What’s So Wrong With Randomized Trials?

Screen Shot 2014-09-24 at 7.32.39 PMOften, at scientific conferences, the most important learning happens in the question and answer period.

I spoke at the American Diabetes Association conference earlier this year, presenting results of an observational study we did on medication adherence and diabetes.

We found that if people starting using the online patient portal (sometimes called the personal health record), to order their medication refills, they were more likely to take their medication regularly. Dr. Katherine Newton of Group Health Research Institute spoke before me, describing a randomized study showing that a clinical pharmacist-led blood pressure management program did not lower blood pressure any more than usual care by an outpatient provider.

The first audience comment came from a program officer from the National Heart, Lung, Blood Institute, part of the National Institutes of Health. Program officers are incredibly important because they help set the research priorities for the major funding mechanism for medical research. I will never forget her comment, because it was so strongly worded.

She said (close to but not exactly a direct quote): “Having listened to your talk and the one before it, I am more convinced than ever that we should focus on randomized trials,” implying that the negative results of the randomized trial were more believable than the positive results of our observational study.

This worship of randomized trials at the expense of other forms of study is understandable. If we randomly assign people to one treatment or another, we can ensure that the differences we see between the two groups are really because of the treatment and not some other factor. After all, researchers, myself included, spend a tremendous amount of time obsessing over our methods. We go to extreme lengths to make sure that we correctly interpret the data before us. Our holy grail is “causal inference” in which we can be sure that whatever risk factor or treatment we study truly causes the health outcome we are interested in. Randomization is the best way to ensure that you’re not unwittingly attributing your effect to the wrong cause.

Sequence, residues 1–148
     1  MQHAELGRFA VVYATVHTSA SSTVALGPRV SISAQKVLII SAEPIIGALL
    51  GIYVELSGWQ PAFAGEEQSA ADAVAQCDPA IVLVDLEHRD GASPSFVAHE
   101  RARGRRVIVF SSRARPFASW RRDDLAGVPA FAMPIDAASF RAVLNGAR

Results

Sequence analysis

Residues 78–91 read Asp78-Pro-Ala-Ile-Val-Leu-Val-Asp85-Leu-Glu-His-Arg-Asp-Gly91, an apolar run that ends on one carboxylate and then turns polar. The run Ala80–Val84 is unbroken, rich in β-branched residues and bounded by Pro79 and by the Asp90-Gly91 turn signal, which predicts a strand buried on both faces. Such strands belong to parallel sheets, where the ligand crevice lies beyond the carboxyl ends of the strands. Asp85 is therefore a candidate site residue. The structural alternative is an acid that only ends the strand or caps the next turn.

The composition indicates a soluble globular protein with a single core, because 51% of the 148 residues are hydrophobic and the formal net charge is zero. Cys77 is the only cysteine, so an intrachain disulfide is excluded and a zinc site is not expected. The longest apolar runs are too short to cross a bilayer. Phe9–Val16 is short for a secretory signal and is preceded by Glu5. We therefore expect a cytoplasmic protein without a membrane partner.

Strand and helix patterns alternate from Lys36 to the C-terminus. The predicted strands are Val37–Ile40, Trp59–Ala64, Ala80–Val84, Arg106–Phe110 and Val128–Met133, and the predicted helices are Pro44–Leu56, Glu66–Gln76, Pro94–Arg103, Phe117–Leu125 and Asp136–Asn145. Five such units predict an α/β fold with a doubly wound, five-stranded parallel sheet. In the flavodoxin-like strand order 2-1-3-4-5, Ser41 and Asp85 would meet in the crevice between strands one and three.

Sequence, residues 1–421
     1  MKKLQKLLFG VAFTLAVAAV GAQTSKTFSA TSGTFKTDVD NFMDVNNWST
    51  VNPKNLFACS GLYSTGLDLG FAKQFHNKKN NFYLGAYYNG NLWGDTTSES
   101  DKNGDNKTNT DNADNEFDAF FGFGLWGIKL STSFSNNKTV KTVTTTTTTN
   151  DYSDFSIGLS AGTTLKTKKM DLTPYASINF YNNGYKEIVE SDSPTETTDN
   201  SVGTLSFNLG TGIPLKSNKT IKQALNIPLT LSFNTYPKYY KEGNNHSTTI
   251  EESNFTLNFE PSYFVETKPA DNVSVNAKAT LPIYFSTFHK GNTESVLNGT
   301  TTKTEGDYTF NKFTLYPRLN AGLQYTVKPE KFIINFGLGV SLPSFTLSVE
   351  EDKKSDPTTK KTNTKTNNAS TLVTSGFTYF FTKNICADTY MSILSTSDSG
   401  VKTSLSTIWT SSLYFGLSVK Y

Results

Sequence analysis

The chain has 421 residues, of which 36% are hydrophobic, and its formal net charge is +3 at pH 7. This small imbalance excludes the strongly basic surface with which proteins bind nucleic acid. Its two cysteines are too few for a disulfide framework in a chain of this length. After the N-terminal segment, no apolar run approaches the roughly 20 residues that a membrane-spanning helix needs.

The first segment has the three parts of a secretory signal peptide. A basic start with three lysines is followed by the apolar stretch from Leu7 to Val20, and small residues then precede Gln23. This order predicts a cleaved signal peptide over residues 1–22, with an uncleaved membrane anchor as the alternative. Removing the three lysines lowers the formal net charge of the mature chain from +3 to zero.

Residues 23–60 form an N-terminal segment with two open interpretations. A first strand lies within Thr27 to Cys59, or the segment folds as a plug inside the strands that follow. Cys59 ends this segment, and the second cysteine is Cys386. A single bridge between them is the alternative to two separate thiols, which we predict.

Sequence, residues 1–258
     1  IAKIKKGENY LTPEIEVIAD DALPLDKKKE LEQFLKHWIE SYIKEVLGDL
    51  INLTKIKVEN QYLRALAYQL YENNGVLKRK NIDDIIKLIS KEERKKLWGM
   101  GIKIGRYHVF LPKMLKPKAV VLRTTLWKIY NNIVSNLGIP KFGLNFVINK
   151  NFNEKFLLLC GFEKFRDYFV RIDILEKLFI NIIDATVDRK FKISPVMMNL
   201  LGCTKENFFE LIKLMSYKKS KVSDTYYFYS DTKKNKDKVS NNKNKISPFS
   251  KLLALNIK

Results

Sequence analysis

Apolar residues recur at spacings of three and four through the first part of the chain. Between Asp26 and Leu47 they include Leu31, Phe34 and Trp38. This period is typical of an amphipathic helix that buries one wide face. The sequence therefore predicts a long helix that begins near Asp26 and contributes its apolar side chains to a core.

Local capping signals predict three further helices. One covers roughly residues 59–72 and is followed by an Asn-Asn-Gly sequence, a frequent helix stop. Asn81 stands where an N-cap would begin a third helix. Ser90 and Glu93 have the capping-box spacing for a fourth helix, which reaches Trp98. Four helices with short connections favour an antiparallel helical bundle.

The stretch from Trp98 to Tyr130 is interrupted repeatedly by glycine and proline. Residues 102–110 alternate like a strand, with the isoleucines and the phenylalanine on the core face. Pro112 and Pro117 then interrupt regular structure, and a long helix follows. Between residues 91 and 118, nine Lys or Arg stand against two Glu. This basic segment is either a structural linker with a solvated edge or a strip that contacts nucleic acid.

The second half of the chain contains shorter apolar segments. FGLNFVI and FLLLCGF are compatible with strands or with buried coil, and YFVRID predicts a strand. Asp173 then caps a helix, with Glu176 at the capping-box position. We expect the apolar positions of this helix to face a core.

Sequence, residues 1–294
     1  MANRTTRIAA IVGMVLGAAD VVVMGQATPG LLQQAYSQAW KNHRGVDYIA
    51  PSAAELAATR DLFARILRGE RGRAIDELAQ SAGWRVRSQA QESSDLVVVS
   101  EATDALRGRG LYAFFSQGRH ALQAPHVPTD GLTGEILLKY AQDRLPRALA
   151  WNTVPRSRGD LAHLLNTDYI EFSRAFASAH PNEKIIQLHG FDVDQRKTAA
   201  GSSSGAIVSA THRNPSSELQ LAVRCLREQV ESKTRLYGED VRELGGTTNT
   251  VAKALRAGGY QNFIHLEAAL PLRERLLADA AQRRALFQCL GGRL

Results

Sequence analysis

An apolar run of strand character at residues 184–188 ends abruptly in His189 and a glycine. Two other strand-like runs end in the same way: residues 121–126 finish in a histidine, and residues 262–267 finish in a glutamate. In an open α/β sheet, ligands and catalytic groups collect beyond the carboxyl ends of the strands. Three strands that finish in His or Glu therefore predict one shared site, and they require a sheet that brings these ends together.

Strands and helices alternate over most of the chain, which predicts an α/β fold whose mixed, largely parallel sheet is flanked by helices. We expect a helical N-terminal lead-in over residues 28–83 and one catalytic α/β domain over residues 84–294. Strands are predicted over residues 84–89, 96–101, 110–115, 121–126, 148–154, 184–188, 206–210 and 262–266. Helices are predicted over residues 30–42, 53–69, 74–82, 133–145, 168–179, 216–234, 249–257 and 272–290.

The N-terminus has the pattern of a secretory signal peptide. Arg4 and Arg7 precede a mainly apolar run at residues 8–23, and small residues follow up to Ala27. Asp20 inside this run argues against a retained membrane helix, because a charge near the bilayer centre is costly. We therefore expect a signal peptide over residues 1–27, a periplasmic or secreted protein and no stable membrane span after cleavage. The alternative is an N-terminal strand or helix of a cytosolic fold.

So why did I think this comment was off-base? First, you cannot always randomize people to one treatment or another. In the case of my study, the online patient portal was available to everyone, as a part of the health system.

When healthcare systems change or offer a new service, it is important to quantify the benefit, and government and accreditation mandates often make randomization impossible. So, we use our methodological skills to try to approximate cause and effect, by choosing the population under study carefully and adjusting for all the factors that we can think of and measure that might affect the outcome.

Is it perfect? Nope. However, it’s better than not understanding the health effects of health system delivery changes.

A second reason to think beyond trials is because they are designed to answer a single question in a narrow group of people. Enrolling in a trial involves meeting strict criteria about what other medical conditions, medications, treatment, and history you have. In the real world, patients are people, not single-disease entities. As a primary care physician caring for medically complex, low income, ethnically diverse patients, I often struggle with how to apply results from trials to my own practice. It bears repeating that studying real-world populations is critical to improving health in real-world populations.

If that weren’t enough, trials are expensive and time-consuming. Trial researchers need to enroll a lot of people to detect significant differences in outcomes. However, when policymakers and public health leaders are making decisions for an entire population, small differences matter. Our study showed a 6% difference in the proportion of patients who took their cholesterol medication regularly. That’s not a huge number, but over an entire group of diabetes patients, lowering cholesterol modestly is important. It would be a tall order to fund a trial large enough to detect such a difference.

Finally, many approaches that work in randomized trials don’t end up helping in real life.

A study earlier this year found no benefit to implementing surgical checklists in Canada, even though the same checklist had powerful results in other settings. No randomized trial is going to be able to explain that contradiction! We need more methods, collectively known as implementation science, in order to understand not only what works, but how it can be applied, implemented, and spread, so that new treatments and approaches translate to health benefits for all.  In our study, perhaps there was something unique about portal users that used the online refill function for their medications – understanding that, rather than designing new randomized trials of new interventions, may be well worth our time.

Let’s end the tyranny of the randomized trial and advocate for good data and rigorous methods in every aspect of health care delivery. My patients, and all patients, deserve better.